But the long-term benefits of homeownership remain very much intact. For now, at least, you can deduct the mortgage interest on your taxes a big perk for people in higher tax brackets. You get to paint your walls any color you wish, without having to clear it with a landlord. And assuming you can buy a home for about the same price as you can rent one, buying will give you the ability one day to live rent-free. Come retirement time, a paid-off mortgage means your monthly expenses are significantly reduced, and you have a chunk of equity to play with.

So what might the next five years look like? Once the foreclosure mess begins to clear up, say housing economists, the traditional drivers of the housing market demographics, affordability, loan availability, employment and psychology should take over.

Here is a glimmer of what the future may hold: While overall home prices fell by 7.5% in April over the same period a year earlier, according to CoreLogic, a Santa Ana, Calif., provider of real-estate data and analytics, if you exclude distressed sales, prices were off just 0.5%. So if you are in a market that isn't battered by foreclosures, you may be close to a bottom already.

Here is a look at five key factors that will govern local markets over the next several years:

Some of the uptick in household formation is likely to come from the leading edge of the echo baby boomers, who have been waiting for the economy to recover before striking out on their own, says William Frey, a demographer with the Brookings Institution. That is likely to fuel an increase in demand for both rental apartments and starter homes.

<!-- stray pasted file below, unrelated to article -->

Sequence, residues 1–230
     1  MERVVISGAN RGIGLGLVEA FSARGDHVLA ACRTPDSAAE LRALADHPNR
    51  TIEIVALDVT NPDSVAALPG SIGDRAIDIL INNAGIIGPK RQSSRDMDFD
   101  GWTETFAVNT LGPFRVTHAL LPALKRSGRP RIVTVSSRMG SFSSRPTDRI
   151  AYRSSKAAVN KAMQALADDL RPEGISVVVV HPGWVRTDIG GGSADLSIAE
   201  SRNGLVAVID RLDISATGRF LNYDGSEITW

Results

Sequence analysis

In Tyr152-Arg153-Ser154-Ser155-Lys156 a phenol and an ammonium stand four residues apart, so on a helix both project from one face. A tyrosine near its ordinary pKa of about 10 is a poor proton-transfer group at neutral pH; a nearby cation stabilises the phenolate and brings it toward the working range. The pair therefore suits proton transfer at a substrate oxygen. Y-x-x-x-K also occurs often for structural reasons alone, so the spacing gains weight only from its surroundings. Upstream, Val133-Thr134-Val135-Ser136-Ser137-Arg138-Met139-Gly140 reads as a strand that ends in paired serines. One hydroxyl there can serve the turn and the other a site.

"When things do pick up, there will be this pent-up demand for everything involved with starting a household," Mr. Frey says.
Of course, when prices in healthier regions begin to rise, many would-be sellers who have sat on the sidelines could begin putting homes on the market, muting the price gains at first, says Susan Wachter, a professor of real estate and finance at the University of Pennsylvania's Wharton School. Even so, she expects home prices to stabilize and begin to strengthen over the next two or three years.

Rising home prices made renting cheaper than buying in many parts of the country. But that dynamic has begun to change: Housing affordability, as measured by the ratio of median home prices to median household incomes, has fallen below pre-housing bubble levels in just over two-thirds of the country, according to an analysis of more than 380 metro areas by Moody's Analytics.

Renting is still cheaper than buying in most markets, but rising rents and falling house prices mean that, in some areas, this won't be the case for long. Buying a home is already cheaper than renting in Chicago, Cleveland, Detroit and Orlando, Fla., according to Moody's Analytics. In other markets, including Dallas, Las Vegas and Sacramento, Cailf., the equation is likely to soon turn in favor of homeownership if current trends persist, the firm says.

The strength of the housing market depends largely on the economy. Rising incomes and increased employment tend to give more would-be buyers confidence and buying power. For now, job growth remains sluggish: On Friday the Labor Department reported that just 54,000 jobs were created in May, far below expectations.

But signs of how a stronger job market could fuel housing demand are evident in the Dallas metro area, which added 83,100 new jobs in the 12 months ending in April the largest gain in the nation, according to the Bureau of Labor Statistics. Dallas never had a big housing boom or bust and has benefited from trade with Mexico, a strong telecommunications sector and a central location.